I can’t do justice to this post except to encourage you to read it at least a couple of times. It’s rich in content and ideas and a section encouraging you to focus on what matters. She addresses a number of things there but there was one that really leaped from her list for me.
‘P’ is for Pandemic not PD – learn one thing well from a place of curiosity and care, not panic.
This was an important message for me. My job was Professional Development among other things. In order to stay on top of things, I was always learning because I wanted to.
In these times, people are indeed learning new things just as a way to survive. You could easily panic and feel a need to learn outside the traditional route. But good learning comes from curiosity, not from threats.
I’ve really been interested in the posts from the ourdadshoes.com blog. It’s a space for people to talk about being a father and honouring your own father.
This post came from Chris Cluff.
There’s a terrific opportunity that Chris has when going to university. He had the opportunity to meet up with his father at Union Station and take the train with him back to Oshawa. I’m jealous; I didn’t have that opportunity.
Of course, on the train, there might be a discussion between father and son. Chris had the opportunity to ask his father why he chose the profession that he did. The answer might surprise you so you need to read the post in Chris’ words.
This is another post from the ourdadsshoes blog, this time from Rolland Chidiac. He concludes with this piece of wisdom.
Whether you have a dad, are a dad, or want to be a dad, do what you can to enjoy every minute of your experience because once it’s gone, you can’t ever have it back exactly the way it was.
Rolland shares that his father passed away young leaving many things between the two of them hanging.
Rolland lets us know that it was painful for him to write the post, thinking of all the memories that he had, and then he does find the power to share some things with us.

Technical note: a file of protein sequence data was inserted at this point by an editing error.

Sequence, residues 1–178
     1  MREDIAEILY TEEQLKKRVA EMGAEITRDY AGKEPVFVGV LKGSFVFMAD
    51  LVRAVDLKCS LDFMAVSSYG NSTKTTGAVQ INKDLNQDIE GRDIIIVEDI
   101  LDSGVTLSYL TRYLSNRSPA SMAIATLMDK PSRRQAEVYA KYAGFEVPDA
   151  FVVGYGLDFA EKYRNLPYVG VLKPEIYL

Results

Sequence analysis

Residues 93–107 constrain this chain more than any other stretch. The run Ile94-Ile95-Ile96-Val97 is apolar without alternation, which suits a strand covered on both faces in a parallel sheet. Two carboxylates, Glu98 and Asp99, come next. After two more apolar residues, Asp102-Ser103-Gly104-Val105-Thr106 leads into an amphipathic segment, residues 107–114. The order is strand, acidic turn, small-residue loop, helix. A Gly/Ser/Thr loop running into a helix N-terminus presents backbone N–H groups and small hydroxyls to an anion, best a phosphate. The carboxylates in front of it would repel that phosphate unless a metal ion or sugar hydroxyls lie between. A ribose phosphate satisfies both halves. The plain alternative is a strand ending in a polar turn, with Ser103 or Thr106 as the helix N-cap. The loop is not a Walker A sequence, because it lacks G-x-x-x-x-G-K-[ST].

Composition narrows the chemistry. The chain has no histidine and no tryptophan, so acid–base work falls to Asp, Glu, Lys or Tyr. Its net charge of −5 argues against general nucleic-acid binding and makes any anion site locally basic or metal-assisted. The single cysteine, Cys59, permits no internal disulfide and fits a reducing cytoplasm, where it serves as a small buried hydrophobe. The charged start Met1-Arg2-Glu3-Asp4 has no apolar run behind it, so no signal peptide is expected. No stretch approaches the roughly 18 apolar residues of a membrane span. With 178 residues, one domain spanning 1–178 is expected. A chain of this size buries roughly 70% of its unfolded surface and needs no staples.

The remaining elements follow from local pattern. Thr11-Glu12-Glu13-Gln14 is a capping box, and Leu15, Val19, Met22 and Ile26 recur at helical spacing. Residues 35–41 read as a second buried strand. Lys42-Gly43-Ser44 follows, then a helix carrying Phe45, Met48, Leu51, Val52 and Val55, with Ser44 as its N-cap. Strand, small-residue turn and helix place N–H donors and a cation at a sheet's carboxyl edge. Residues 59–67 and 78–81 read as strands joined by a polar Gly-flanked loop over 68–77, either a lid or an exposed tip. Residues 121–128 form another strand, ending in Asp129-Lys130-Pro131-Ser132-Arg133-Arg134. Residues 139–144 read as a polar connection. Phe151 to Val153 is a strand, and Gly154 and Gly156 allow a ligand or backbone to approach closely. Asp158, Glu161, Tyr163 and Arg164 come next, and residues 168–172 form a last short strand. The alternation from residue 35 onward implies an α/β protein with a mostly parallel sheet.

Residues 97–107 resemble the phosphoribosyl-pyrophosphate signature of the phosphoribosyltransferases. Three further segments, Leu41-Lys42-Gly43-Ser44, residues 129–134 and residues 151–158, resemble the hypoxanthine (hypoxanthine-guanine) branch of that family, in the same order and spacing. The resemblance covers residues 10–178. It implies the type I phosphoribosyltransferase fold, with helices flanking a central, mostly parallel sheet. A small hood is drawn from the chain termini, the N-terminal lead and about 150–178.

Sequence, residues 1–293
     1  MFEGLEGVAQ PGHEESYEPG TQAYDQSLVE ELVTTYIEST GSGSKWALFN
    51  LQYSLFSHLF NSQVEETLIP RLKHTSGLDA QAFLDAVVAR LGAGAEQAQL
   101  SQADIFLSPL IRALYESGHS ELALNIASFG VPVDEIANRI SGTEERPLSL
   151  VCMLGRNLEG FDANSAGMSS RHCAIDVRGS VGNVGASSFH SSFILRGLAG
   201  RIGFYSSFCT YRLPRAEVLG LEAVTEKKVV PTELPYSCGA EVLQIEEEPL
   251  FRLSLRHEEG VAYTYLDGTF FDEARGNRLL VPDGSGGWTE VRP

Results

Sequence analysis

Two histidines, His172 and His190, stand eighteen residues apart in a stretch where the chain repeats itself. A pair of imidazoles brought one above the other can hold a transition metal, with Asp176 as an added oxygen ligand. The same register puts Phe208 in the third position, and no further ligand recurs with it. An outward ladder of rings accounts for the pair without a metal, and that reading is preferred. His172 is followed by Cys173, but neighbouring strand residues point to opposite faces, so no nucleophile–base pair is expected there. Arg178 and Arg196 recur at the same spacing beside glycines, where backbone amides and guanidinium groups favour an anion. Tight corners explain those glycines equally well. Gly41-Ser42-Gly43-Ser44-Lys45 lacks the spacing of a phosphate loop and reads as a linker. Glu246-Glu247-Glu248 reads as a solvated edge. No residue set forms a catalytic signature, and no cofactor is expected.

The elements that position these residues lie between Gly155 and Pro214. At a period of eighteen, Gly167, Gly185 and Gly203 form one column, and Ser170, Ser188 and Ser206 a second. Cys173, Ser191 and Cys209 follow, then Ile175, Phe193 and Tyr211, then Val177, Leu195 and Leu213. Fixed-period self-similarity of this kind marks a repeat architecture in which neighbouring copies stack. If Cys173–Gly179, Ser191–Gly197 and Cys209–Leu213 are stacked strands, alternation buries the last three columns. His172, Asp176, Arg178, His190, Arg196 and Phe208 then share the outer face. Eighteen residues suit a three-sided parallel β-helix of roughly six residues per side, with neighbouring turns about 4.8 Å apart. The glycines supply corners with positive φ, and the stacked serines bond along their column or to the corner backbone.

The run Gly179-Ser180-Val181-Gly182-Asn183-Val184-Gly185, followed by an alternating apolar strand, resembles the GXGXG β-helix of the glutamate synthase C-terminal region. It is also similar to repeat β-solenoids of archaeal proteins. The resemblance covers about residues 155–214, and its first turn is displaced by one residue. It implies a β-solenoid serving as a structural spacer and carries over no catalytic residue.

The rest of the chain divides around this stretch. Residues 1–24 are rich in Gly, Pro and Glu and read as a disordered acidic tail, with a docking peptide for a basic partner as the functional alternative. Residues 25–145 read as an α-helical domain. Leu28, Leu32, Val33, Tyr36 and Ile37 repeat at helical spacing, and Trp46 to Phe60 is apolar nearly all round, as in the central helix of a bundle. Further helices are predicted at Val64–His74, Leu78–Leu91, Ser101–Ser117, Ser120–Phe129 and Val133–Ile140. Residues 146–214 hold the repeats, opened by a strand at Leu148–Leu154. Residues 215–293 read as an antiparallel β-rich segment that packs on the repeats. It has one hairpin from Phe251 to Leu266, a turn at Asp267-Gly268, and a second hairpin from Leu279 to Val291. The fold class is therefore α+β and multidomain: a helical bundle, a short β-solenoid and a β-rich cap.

I’m so happy for him that he’s able to see his father in his children. That will let the memories be good and live on.
The concept of organizing thoughts has never been so important as it is these days. People have different ways of organizing; I tend to use bullet points in a document or a graphical tool. I do recognize that my resultant notes always tend to look like a timeline or a flowchart.
I’m envious of people like Laura Wheeler who have the ability to create Sketchnotes as their way to organize. I enjoy it when they share their creations; in this case, it’s the book When: The Scientific Secrets of Perfect Timing by Daniel Pink. I find it easy to understand the message that she has diagramed.
I just can’t do it myself. I’ve spent way too much time trying.
Maybe I should just come to the conclusion that it’s not just for me. I really do appreciate that Laura shared her work with us.
Please take some time to click through and read these inspirational blog posts. There’s some great thinking there for you to enjoy.
Then, make sure that you’re following these educators on Twitter.
- Deana Gordon – @dgdocfree76
- Amy Bowker – @amyebowker
- Lisa Corbett – @LisaCorbett0261
- Patt Olivieri – @pattolivieri
- Chris Cluff – @chrisjcluff
- Rolland Chidiac – @rchids
- Laura Wheeler – @wheeler_laura